Look to see if your university library offers graduate hourly work. Reach out to the local libraries, archives, or museums, to see if they have work or volunteer opportunities. Definitely look into doing a practicum as well as it adds to your experiences and skills. Almost obsessively, I frequently check postings for library postings at my school and around town just to see what is available. Because I did this I was able to scout and eventually secure a summer opportunity four months in advance.
Your experiences do not necessarily have to be library focused or even offered within your school. Look for opportunities with transferable skills; Tutor for instruction skills, retail for customer service, seek out writing opportunities to enhance your communication skills, volunteer at events for programming experience, etc.
Connecting and Communicating
Contrary to the stereotype, librarians are actually pretty social. Networking is extremely vital in our small and competitive profession. Previously, I was the type of timid student who would avoid chatting with professors, but it is important to build relationships with experts within the profession. Try to find a professional mentor. You can look for a librarian at your university or local library with similar professional interests. You can also reach out to alumni.
However, this is not entirely a career advancing strategy, it is equally essential to connect with your peers for the sake of support. Take advantage of group projects. Join student organizations, or create one yourself. If you are doing an online program, connect with your classmates through social media and then perhaps organize a meet up. Having a group of peers you can freak out with and also have fun with will only make your graduate school experience more enjoyable and enriching.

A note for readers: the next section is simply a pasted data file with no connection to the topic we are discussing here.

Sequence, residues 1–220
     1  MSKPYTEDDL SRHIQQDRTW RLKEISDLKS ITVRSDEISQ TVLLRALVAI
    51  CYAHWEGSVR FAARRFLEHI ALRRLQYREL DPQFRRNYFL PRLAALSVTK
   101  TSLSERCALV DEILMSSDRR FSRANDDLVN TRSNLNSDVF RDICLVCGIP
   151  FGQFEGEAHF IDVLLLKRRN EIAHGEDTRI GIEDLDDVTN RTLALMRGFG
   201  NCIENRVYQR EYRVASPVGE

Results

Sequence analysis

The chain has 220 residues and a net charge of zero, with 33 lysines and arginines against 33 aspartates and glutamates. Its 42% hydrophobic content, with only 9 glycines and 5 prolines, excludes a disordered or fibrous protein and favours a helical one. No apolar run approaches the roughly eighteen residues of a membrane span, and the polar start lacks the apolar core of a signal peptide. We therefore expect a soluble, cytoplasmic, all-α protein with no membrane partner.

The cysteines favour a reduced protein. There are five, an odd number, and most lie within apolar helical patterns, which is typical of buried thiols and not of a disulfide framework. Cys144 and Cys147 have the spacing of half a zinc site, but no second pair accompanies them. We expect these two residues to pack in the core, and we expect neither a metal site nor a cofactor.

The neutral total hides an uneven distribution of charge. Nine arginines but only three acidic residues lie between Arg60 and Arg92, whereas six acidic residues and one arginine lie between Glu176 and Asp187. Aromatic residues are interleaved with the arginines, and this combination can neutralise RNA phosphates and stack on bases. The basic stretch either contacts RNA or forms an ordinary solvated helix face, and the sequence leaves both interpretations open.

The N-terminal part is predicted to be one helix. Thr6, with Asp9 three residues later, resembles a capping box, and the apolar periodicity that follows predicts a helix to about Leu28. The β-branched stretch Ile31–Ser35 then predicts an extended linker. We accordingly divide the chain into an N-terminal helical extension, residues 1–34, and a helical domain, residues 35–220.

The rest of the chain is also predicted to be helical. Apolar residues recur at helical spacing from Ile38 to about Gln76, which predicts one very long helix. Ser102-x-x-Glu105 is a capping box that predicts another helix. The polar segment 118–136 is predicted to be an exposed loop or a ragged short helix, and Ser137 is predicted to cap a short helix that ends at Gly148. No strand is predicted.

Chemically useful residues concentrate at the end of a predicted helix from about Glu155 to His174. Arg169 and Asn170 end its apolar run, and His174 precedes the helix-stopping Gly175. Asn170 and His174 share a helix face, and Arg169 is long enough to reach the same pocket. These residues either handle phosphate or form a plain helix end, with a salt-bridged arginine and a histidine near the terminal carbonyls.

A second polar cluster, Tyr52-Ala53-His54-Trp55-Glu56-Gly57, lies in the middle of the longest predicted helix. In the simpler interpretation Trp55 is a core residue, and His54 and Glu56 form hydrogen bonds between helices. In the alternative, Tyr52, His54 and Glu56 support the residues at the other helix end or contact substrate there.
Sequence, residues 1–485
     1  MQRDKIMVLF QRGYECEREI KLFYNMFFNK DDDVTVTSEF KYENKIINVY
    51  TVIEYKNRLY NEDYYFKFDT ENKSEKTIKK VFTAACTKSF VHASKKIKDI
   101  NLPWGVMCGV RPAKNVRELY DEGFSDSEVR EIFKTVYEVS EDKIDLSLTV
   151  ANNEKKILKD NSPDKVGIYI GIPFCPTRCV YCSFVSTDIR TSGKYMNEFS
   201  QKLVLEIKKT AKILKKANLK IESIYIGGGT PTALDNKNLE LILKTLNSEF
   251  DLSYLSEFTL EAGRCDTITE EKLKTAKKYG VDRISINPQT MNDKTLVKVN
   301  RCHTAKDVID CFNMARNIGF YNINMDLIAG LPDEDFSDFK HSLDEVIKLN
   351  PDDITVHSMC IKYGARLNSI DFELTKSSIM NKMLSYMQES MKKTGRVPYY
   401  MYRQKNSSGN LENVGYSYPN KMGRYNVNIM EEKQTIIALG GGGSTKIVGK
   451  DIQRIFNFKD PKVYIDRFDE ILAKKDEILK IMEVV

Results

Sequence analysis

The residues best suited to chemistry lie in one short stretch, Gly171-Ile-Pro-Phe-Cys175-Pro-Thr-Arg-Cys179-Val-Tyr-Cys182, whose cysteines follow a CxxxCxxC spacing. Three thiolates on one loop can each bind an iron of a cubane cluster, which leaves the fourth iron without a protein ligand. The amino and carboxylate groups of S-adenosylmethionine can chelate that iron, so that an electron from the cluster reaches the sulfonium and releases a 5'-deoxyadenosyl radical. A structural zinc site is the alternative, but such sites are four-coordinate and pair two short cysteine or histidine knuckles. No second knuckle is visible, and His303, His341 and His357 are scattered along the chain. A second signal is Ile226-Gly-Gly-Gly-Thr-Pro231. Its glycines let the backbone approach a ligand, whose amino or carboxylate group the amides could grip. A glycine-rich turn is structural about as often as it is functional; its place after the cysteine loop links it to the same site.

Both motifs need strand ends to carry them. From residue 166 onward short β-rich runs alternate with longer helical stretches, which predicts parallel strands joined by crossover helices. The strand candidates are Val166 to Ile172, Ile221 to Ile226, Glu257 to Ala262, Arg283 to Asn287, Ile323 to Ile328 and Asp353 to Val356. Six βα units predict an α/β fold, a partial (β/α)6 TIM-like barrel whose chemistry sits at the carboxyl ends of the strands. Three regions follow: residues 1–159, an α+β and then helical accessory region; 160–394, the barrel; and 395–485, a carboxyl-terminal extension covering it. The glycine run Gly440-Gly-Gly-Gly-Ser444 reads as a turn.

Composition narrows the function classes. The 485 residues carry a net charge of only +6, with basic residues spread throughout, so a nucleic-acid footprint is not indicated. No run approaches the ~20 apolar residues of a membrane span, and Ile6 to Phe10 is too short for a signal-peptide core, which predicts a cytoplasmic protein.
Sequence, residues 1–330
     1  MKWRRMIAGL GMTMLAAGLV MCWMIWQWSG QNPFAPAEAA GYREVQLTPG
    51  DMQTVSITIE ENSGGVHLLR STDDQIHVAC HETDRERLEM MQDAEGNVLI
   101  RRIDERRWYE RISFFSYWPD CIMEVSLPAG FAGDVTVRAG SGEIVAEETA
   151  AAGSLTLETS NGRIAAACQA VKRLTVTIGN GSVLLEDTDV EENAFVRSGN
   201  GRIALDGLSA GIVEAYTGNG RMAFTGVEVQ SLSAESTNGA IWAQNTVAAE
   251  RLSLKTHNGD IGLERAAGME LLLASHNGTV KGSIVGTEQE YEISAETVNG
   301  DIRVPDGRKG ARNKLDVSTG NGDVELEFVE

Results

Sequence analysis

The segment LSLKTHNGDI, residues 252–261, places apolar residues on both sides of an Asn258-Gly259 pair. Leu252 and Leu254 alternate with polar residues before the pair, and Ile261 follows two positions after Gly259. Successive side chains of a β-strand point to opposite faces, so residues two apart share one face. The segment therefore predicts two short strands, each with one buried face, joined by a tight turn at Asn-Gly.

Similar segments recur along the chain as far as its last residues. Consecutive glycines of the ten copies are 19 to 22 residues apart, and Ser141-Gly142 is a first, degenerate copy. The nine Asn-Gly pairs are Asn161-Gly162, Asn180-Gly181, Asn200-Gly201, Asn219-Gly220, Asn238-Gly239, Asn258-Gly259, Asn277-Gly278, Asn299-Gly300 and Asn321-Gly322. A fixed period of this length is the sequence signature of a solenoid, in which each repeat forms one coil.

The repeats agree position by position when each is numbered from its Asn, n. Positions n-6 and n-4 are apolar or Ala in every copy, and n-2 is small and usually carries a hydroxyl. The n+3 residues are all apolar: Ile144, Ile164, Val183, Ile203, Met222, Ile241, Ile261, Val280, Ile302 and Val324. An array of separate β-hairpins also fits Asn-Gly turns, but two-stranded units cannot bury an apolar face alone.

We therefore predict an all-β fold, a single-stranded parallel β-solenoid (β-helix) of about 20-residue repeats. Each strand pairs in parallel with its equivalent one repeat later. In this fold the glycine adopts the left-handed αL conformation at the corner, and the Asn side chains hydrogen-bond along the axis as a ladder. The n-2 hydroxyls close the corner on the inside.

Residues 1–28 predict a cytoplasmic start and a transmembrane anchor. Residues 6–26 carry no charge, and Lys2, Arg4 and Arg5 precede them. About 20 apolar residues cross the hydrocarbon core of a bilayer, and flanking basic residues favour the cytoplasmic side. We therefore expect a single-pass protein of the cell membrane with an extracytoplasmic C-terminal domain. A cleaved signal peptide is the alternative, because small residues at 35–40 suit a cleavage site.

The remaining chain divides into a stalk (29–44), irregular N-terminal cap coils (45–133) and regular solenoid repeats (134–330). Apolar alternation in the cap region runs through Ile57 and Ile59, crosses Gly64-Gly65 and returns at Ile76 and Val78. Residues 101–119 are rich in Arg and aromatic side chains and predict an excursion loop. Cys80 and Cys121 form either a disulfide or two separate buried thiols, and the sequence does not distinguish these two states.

In reflecting over my first year, I realized that there are many things I still hope to learn in the coming year. In my second, and final year, I want to continue stepping out of my comfort zone through classes, professional, and social experiences. More specifically, I want to continue building my research and writing skills (especially those transferable skills!) within the scope of academic librarianship. Gaining familiarity with applicable software and technology would be ideal. Other goals include publishing and presenting at a conference. In addition to volunteering experiences off campus, I also want to become more involved with professional student organizations through our iSchool.
Overall, the most valuable thing I have gained in my first year of library school is the confirmation that librarianship is right for me. I also recognized that librarianship is often underrated but through my experiences this past year, I further deepened my own appreciation of librarianship.
What have you taken from your time at library school?
Image Courtesy of Flickr user fflav